“When it was established [in 1954] and up to quite recently, Tuhoe was never invited to be part of its governance.
“Our opinion has been worth nothing.”
After more than 140 years of Crown oppression, Tuhoe’s opinion on its homeland is more important than any other.
In June, at a ceremony at Parliament, Kruger, other Tuhoe representatives, Prime Minister John Key, treaty negotiations minister Christopher Finlayson and Maori affairs minister Pita Sharples signed an agreement to settle Ngai Tuhoe’s historical claims.
In a speech on the day, Finlayson said through the settlement the Crown had addressed “some of the worst” breaches of the Treaty of Waitangi.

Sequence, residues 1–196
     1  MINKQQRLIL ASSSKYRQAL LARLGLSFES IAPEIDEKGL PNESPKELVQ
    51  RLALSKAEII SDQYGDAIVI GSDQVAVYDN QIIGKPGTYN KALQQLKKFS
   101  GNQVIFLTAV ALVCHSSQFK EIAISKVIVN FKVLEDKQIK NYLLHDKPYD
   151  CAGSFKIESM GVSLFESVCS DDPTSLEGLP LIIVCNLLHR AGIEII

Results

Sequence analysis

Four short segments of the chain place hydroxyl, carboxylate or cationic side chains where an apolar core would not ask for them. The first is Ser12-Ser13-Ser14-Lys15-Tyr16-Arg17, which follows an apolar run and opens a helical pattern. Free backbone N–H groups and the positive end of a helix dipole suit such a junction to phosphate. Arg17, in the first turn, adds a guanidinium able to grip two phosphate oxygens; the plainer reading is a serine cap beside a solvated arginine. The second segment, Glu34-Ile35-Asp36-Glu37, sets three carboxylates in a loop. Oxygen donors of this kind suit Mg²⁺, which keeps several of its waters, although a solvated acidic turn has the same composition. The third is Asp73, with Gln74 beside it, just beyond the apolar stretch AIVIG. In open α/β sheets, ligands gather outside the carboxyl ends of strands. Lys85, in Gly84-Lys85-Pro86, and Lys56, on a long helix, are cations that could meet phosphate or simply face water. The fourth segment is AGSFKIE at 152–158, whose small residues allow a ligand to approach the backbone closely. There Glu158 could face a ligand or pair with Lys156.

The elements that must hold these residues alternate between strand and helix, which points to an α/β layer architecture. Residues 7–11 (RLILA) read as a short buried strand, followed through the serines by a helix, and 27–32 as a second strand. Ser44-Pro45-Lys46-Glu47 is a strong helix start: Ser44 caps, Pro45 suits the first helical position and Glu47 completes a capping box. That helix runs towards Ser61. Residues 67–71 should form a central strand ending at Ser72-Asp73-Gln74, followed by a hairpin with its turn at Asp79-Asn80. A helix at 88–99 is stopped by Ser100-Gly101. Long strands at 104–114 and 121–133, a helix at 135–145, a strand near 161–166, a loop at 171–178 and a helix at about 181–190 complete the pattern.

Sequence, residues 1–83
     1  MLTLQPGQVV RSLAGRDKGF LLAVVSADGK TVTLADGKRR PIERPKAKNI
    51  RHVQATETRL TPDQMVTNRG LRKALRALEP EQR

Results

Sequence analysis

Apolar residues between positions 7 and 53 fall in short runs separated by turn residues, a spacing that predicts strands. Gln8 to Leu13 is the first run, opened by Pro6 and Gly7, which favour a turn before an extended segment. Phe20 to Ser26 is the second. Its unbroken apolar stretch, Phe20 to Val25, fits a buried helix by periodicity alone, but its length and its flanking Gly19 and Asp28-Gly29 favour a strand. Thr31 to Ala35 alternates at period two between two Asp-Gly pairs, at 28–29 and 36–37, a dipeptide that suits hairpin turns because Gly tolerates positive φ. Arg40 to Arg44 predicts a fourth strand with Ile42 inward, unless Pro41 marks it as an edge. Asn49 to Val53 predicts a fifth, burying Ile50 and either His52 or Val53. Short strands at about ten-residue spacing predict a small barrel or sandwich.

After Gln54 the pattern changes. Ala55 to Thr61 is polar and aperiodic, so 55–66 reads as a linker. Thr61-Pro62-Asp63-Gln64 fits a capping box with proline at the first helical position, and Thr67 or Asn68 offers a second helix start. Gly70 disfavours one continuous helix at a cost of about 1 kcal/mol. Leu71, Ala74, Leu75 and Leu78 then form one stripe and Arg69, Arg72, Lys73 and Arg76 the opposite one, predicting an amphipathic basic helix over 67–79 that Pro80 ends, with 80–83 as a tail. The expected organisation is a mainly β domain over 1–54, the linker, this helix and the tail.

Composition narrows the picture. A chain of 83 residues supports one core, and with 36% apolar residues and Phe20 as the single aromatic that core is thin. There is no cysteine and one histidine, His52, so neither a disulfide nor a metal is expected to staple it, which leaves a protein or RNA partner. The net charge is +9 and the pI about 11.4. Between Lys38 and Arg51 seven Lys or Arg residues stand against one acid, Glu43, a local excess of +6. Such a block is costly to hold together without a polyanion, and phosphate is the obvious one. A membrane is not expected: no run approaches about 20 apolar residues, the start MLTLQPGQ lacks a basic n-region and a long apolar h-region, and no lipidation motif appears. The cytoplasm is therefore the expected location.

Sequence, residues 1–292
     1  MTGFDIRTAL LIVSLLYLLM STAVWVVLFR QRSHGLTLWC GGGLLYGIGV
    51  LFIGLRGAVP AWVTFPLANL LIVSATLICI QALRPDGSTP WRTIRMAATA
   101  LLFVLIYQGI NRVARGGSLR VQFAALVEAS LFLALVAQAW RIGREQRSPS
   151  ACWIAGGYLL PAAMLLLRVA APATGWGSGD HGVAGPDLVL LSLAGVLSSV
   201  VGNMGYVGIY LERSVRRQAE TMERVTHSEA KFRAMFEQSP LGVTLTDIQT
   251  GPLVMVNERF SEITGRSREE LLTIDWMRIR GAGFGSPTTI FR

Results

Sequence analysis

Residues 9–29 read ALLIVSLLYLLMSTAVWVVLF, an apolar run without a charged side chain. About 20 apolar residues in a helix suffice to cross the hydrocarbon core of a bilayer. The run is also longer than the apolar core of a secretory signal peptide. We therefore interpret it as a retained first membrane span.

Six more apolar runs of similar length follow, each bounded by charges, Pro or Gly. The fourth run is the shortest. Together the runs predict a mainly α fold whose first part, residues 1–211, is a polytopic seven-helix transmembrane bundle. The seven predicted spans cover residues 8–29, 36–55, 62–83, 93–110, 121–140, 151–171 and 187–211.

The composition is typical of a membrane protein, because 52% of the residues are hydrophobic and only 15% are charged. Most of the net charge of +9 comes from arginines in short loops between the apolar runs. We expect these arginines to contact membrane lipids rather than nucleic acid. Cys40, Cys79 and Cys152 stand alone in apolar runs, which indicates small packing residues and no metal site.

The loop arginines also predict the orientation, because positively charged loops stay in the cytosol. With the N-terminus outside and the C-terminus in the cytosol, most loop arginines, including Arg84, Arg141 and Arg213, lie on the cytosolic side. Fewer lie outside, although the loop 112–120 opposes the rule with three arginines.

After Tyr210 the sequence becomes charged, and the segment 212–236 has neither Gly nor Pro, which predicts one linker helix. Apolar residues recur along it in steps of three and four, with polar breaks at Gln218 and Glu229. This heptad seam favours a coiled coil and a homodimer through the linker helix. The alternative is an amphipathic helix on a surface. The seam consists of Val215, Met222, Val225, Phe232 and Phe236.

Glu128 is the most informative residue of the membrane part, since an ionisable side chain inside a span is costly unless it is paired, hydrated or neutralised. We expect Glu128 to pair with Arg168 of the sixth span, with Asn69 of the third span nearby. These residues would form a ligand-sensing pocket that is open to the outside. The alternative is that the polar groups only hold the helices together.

Crown breaches have included large scale confiscation of Tuhoe’s best agricultural land, cutting off the tribe’s access to the ocean, brutal military campaigns targeting Tuhoe settlements and unjust land purchases.
“Past breaches against Tuhoe are some of the worst in the story of our nation,” Finlayson said. “Land was confiscated; villages and crops burned; families killed and men executed.
“[Tuhoe’s] relationship with [its] homeland whittled away despite [Crown] promises. These sorry events have left a stain on the history of Te Urewera region, and on the history of the Crown in New Zealand.
“Today we address squarely that history, which has remained ever present in Te Urewera.”